It also helps if we think of prayer not as an intellectual activity, not as an exercise of the mind. There is really nothing to be proved, or disproved, here. And prayer is not an attempt to “get” somewhere, to achieve some particular spiritual or emotional state. We don’t need to look like Julia Roberts meditating in Bali to have a meaningful experience.
I tend to think of prayer as a posture, a willingness to “be” in a certain way. A willingness to be vulnerable. To be open.
To open up is to begin to admit our weaknesses, our
vulnerabilities, our lacks. We can begin to foster some awareness of things
that we need to put right in our lives. We can begin to admit where we’re
in need. We can also open ourselves to the suffering of others, and we
can allow ourselves to yearn for an end to that suffering.
We also open up to joy, to love, to gratitude. Instead of focusing on all the places of lack in our lives, we can foster a sense of gratitude for all that we do have, for each and every moment of being here, being alive.
This is really what the machzor, these hundreds and hundreds of pages, are for: to aid us in this process of opening up to our yearnings, our uncertainties, and our joy. The verses here are poetry, and they are asking to be recited – not in order to convince, but in order to awaken things inside of us. By saying blessings of praise and gratitude in each of the morning services, we can begin to foster a sense of gratitude, can begin to more deeply appreciate all that we have. By speaking words of regret, by pleading for compassion, perhaps we can open up places of vulnerability within our hearts.
But if the High Holydays liturgy is a bit like a drama that
we are being asked to enter into, then for many people there’s a major problem
with the main character, whom many folks either actively dislike or don’t
really believe exists. I’m talking, of course, about God, who appears in most
of the scenes over the course of these holidays. Is it possible to pray if you
don’t believe in God? Or if you have a vague sense of some greater Power in
the universe, but not a Being that listens or responds? What exactly are
we praying to, or at, or with?
While these are important questions, I actually don’t believe you need to have any particular faith, or any particular answers to these questions, to engage in a meaningful prayer experience. Needing to have all of your God questions answered before entering into prayer assumes that prayer entails certainty, rather than the ability to embrace uncertainty and surprise.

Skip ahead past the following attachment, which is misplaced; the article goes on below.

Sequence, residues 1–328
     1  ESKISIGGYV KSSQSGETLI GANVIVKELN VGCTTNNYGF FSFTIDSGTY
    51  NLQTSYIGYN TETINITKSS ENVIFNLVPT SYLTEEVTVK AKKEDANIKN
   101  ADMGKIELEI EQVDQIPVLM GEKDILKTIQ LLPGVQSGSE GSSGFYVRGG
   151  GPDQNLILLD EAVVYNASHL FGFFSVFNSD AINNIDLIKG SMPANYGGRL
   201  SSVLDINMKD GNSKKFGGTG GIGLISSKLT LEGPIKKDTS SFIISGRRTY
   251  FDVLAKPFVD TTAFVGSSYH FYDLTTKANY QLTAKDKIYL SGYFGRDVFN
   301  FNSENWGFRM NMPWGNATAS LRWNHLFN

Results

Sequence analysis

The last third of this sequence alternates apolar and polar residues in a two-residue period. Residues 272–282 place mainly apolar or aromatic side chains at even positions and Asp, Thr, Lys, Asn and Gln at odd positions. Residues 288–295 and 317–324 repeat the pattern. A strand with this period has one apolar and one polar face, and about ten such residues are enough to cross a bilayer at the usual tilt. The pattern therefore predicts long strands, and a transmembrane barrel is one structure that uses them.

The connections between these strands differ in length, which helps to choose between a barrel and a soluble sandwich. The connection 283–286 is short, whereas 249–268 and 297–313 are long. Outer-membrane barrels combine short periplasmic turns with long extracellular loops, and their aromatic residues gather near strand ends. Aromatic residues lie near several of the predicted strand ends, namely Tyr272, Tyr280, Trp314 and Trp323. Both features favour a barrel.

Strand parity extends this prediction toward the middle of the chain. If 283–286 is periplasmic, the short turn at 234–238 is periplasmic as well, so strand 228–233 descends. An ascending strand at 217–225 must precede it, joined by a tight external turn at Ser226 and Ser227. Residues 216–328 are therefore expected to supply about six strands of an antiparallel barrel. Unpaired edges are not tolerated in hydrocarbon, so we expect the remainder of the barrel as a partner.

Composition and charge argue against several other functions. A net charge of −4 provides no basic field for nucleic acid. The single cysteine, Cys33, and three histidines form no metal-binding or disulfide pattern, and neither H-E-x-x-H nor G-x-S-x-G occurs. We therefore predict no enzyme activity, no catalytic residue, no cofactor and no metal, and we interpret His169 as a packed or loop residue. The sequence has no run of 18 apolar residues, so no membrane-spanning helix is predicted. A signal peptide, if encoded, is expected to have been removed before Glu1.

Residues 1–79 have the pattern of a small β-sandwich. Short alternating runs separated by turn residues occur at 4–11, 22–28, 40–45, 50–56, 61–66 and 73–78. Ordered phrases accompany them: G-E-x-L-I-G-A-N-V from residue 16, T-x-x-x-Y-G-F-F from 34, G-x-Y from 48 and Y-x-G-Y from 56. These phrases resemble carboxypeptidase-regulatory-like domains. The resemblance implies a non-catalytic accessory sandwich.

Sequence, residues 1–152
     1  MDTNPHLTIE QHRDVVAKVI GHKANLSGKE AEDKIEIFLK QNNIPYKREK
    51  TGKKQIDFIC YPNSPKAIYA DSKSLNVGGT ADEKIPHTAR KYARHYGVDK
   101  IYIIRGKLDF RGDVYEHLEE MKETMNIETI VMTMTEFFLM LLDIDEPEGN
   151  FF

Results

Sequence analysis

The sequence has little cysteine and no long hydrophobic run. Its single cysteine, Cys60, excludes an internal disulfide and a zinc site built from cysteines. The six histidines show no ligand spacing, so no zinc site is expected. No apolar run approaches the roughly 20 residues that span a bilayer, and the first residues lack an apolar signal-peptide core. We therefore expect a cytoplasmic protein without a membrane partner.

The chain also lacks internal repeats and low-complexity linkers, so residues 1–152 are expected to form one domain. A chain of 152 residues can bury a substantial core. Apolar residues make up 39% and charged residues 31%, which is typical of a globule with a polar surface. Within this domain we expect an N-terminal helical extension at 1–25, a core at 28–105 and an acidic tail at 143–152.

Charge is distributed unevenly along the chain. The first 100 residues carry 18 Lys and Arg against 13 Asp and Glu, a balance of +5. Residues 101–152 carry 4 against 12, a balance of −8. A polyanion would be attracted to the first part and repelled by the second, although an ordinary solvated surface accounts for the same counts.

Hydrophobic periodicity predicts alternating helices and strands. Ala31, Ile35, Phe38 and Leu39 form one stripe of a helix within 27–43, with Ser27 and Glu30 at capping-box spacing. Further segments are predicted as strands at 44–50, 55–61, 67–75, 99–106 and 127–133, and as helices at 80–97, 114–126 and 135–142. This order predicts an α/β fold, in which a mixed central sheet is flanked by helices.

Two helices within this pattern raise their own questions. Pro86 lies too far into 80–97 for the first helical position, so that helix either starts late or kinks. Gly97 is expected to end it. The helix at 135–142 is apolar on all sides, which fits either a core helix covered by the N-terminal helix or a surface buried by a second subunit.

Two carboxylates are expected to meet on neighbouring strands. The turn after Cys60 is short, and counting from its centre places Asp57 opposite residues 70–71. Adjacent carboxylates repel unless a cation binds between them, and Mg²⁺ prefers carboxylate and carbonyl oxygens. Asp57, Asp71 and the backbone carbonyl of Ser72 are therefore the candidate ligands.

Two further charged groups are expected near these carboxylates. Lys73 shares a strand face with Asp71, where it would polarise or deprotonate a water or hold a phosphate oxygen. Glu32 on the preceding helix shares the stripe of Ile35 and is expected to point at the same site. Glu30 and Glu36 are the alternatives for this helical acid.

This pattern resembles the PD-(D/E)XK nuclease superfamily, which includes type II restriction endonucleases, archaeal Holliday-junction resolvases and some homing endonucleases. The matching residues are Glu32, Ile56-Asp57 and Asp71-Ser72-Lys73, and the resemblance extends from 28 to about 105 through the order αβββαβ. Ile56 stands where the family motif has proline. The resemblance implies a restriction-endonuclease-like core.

Or, to shift metaphors slightly: needing to be sure about the existence of God before starting to pray is sort of like demanding to know the ending of a book before you start to read it. When I pick up a new book, I am surrendering in some small way to the author of that book – trusting him or her to lead me somewhere new, to some new insight, to give me some kind of experience. I allow myself to be taken on that journey with no real guarantees. And ultimately, the point isn’t the ending of the book—it’s the process of getting there, it’s those moments along the way when I am completely engulfed within the life of the novel, when a different kind of awareness than I usually have encompasses me.
Things may happen in the book that aren’t “real,” that don’t directly reflect my daily life as I usually know it. But if it’s a good book, then any apparent unreality will be in the service of helping me grasp deeper truths about humanity, about life, about myself. And in the end it won’t matter if it’s Ernest Hemingway or Gabriel Garcia Marquez or Virginia Wolf—it won’t matter how “realistic” or “unrealistic” the plot is. In fact, the question, “how real is this?” is an irrelevant question when we think about how meaningful the experience of reading has been. The truth of a book—like the truth of prayer—happens on an entirely different level than what we usually think of as the “real,” the actual.